An industry consortium's plan to develop its own specification for power line-based home networking has upset a standards body working towards the same goal.
While the 36-member HomePlug Powerline Alliance announced this week that it has chosen technology from Intellon as the baseline for its specifications, the Electronics Industry Association/Consumer Electronics Association (EIA/CEA) has still to reach that stage.
William Rose, chairman of the EIA/CEA's home networking committee, said it has been trying to collaborate with the HomePlug Alliance to co-ordinate efforts, but to no avail.
The lack of agreement may result in the industry having two competing standards.
The two bodies had each promised to set up working parties to co-operate on the standards effort, but according to Rose, the HomePlug Alliance is a newly formed group compared with the one set up by the EIA/CEA. But Alberto Mantovani, the Alliance's president, said it would work with the EIA/CEA.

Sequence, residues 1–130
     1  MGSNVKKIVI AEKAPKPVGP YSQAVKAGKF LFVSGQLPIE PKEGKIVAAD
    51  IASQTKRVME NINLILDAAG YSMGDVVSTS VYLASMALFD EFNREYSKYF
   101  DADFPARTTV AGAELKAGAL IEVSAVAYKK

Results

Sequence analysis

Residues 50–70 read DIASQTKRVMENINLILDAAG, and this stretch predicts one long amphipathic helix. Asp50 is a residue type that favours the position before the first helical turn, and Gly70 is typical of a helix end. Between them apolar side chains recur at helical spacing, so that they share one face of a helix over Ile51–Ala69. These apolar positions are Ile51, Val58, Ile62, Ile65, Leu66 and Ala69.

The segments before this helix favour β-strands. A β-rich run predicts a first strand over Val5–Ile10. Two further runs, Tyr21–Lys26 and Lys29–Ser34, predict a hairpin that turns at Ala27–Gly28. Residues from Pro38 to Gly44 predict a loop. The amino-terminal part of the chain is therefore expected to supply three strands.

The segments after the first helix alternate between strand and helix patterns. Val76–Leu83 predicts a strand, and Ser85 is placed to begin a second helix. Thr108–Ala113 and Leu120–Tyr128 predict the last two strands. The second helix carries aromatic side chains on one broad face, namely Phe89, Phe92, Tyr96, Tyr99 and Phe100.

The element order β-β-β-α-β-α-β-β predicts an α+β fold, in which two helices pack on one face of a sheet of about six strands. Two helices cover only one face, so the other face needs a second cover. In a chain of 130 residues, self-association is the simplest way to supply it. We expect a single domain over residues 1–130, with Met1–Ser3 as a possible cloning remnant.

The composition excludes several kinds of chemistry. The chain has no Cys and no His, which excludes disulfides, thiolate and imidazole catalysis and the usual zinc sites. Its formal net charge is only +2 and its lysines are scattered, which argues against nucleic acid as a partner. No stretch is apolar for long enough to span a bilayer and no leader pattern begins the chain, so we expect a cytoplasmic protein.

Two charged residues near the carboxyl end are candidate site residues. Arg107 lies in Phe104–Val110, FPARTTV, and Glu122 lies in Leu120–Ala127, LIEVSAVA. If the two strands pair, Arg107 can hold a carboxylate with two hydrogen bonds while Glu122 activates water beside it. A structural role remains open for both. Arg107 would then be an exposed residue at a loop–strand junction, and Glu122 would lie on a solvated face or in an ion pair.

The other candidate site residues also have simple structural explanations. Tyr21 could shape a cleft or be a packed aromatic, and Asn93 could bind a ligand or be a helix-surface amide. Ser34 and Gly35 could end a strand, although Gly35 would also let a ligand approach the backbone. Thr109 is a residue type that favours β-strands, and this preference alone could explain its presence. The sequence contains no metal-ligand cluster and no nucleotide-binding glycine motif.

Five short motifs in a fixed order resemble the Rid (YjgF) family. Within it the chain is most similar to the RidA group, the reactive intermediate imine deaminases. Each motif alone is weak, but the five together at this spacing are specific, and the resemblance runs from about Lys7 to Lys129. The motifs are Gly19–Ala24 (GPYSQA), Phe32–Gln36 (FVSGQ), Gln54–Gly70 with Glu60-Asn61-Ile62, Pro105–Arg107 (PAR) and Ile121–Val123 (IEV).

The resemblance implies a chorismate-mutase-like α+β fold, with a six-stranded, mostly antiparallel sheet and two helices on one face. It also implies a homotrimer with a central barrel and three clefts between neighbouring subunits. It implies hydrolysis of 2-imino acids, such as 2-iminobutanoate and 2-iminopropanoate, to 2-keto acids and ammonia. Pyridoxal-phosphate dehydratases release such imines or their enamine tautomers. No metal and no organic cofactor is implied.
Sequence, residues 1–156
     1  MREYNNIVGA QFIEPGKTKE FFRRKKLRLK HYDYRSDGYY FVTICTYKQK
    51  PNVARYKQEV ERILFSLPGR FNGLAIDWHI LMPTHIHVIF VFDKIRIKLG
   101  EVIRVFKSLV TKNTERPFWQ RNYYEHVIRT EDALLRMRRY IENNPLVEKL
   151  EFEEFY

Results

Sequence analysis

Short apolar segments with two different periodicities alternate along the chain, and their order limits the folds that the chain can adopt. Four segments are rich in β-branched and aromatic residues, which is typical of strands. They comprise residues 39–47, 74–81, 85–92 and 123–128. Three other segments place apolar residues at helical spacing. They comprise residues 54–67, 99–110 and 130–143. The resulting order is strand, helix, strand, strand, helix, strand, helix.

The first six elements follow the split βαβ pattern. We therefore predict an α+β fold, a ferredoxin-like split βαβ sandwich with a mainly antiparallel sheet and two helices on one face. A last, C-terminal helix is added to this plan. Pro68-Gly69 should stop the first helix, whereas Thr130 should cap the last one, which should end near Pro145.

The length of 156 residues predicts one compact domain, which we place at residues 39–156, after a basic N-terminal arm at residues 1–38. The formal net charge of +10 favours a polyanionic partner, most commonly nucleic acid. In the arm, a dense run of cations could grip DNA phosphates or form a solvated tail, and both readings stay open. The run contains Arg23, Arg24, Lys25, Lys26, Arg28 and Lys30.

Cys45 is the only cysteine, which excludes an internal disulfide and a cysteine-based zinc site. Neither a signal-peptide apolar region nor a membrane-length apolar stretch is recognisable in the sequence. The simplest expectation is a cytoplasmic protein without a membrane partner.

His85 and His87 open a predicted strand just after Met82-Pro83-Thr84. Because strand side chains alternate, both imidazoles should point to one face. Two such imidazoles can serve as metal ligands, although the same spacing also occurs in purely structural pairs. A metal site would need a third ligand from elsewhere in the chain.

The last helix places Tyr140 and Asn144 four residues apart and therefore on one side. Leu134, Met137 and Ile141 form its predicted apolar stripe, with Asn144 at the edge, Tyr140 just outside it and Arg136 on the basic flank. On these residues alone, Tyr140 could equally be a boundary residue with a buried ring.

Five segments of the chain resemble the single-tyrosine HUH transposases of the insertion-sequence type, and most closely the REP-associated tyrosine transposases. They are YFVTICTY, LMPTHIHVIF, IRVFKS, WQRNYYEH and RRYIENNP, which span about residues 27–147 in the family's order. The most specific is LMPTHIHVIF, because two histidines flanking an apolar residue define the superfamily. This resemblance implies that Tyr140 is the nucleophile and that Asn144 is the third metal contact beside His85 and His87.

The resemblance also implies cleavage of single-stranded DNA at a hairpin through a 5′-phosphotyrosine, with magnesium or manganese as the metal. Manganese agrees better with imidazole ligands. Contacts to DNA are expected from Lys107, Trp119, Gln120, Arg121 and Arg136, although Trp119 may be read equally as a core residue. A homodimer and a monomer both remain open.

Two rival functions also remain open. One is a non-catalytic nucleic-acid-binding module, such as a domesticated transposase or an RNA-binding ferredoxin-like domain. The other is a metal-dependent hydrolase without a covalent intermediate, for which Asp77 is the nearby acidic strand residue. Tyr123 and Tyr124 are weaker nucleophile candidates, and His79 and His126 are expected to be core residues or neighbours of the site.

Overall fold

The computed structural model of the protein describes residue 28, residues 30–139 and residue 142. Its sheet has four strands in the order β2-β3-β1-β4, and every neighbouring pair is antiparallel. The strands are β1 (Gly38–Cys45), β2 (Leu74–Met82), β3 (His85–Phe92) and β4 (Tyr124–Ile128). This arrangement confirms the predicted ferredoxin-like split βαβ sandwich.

However, this could be hampered as confidentiality agreements limit the amount of information the Alliance can make public. The two bodies have also adopted different approaches.
While both aim to support streaming media, for example, the EIA/CEA has opted for a minimum speed of 1Mbps, while the Alliance has chosen a minimum threshold of 10Mbps.
Both bodies aim to release their respective specifications by the end of the year, and although the EIA/CEA has yet to select its base technology, observers believe it is possible that it may also choose Intelleron's technology.
Karuna Uppal, an analyst with the Yankee Group, said: "The Alliance has picked a technology pretty quickly and has started talking about field trials. That's a good sign, but the problem is proving the technology works in all homes."
Researcher Parks Associates has forecasted that power line-based home networks will grow beyond the 32 million nodes projected for 2004.
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